Today I received a text from a student’s mom: “We got a phone call from Washington International; X qualified for WIHS Pony Eq [To be held this coming Sunday]. I’m not sure what we should do.” On the one hand, I was elated for my student. She saw a lot of success in the qualifying classes when she competed in them. She wasn’t particularly trying to qualify for the championship, but there were points in the season when we thought it might be within reach.
Once the pair qualified for Pony Finals, we took a hard look at their competitive schedule and scaled back a little. The rider had already begun to ride and compete a horse in the jumper divisions. In addition, the pony is slightly older, and both she and the rider were clicking so well, we decided to “save her legs” and make certain she was fresh for the big finale at Pony Finals. As they did fewer shows, the rider slowly moved down the rankings for the WIHS class, which was expected. We didn’t feel the need to push; if it happened, it happened, but we didn’t want to chase points.
Pony Finals came and went, and the pair had an amazingly successful time. They finished in the top 20 overall, and within the top 10 over fences, in their section. It was amazing – the highlight of their season, and a testament to how hard they worked over several years to solidify their relationship and truly learn to read each other. It was magic.
Since Pony Finals, the pony has had an easier life. We’ve been seeking a lessee for her, both in the barn and out. She’s a special pony, and she deserves a special person to love on her like her present child. In the meantime, her rider has concentrated her lessons and showing on the jumper. After such a stellar performance at Pony Finals, the pony earned a little physical let-down. She is in work, but hasn’t schooled over jumps at her division height in a couple of months.
Fast forward to today, when the call came. Rider was beside herself with excitement, Mom was overwhelmed with thoughts of “How do we fit this unexpected event into the weekend” and “The pony needs to be body clipped!” And I was pondering… First, we have a full schedule this weekend. I have a family event on Saturday, and then we have our in-house horse show on Sunday. Showing at WIHS is more than just the day of showing, since you have to ship into Prince George’s Equestrian Center in Upper Marlboro, Maryland to then get commercially shipped into the District, the day prior to the class. We’ve had riders qualify for WIHS in the past – it’s fun, but it’s complicated. Second, I have a bunch of riders counting on me for the in-house show on Sunday. Third, and most importantly, the pony hasn’t been jumping competition height recently, and hasn’t had a serious jump school in over two months. She’s jumped here and there, but nothing at the level she’d have to do when competing Downtown.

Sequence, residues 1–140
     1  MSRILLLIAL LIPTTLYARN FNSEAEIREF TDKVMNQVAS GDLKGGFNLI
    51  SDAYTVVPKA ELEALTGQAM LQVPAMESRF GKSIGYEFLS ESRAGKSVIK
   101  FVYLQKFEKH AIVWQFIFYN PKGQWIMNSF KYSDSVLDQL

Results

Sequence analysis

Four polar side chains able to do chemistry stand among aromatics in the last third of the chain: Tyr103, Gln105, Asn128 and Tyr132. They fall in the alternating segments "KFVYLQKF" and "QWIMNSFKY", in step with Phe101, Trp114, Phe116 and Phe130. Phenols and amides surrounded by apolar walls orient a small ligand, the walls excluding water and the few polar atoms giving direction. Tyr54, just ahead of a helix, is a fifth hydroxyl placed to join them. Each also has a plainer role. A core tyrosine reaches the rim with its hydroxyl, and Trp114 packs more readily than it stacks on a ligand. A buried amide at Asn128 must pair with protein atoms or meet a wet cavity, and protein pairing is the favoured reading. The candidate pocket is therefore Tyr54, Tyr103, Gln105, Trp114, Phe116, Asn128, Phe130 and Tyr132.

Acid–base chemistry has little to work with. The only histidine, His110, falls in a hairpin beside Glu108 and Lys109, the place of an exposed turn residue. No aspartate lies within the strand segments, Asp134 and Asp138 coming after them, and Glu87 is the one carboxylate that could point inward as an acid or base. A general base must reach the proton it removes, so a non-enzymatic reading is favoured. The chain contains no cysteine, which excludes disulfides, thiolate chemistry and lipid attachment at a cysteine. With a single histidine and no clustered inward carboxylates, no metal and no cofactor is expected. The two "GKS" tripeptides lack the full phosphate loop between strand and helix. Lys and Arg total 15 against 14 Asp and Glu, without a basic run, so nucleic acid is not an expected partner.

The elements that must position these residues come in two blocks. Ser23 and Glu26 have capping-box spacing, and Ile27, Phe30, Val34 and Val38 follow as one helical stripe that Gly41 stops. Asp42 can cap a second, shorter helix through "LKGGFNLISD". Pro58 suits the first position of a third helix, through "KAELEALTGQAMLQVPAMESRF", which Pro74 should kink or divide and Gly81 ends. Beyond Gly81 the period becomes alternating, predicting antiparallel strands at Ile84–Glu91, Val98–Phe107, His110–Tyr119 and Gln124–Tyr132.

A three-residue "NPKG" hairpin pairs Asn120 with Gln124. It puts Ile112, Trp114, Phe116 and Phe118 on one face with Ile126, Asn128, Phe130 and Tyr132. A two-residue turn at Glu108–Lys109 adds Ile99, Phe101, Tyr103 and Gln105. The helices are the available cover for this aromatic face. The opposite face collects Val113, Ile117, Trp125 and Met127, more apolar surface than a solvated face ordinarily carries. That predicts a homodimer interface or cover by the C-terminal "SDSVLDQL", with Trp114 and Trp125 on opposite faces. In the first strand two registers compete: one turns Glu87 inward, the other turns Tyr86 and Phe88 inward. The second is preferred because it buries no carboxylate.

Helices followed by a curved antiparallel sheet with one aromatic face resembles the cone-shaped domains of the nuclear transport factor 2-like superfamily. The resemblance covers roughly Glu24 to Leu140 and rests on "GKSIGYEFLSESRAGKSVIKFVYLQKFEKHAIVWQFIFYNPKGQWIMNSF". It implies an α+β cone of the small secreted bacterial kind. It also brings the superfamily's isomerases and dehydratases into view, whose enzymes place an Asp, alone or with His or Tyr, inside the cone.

Mom and I chatted via text. What to do? How would this work? Is this the right thing to do? Fitness matters. A lot. I had a gnawing thought in the back of my head. Is this the right decision for the pony? The more I pondered, the less sense it made. I knew this was a momentous occasion for the rider. But I (we) care so much about this pony and her health and longevity.
One the one hand, it’s a single trip, 10-14 jumps in the show ring, plus whatever we’d need to get ready for the class. Pony is a pro at it. Kid rides sharp and can help pony to make it a straightforward effort. On the other hand, it’s at her maximum jump height, and she hasn’t been doing that in a while.
Hmmmm… Not a lot of jumps…. But what if it went wrong and the pony got hurt? Or even had to work harder than she has to (or has ever had to) because she’s not fit for the job? We all love her so much, and no one wants to envision what could go wrong.
So I did what (I hope) any trainer who teaches horsemanship would do: I put it forth to the rider. I laid out the issues, but said we all knew how much competing at the Capital One Arena would mean. “What is the horseman’s answer,” I queried.
Not even a hesitation. Discussion over. This mature twelve year old gets it. She didn’t want to over-face her pony, given her current level of fitness. Not worth risking her. I know that deep down, all of my students would make that same choice. We love our horses more than the thrill of a chance to ride at indoor finals, if that chance involves a risk to the horse.
I’m proud of the rider, proud of the mom’s support, and happy for the pony, who is patiently waiting for her next little rider. And along the way, that rider will fall in love, learn to ride and above-all, come to understand the privilege and responsibility of caring for these magnificent animals.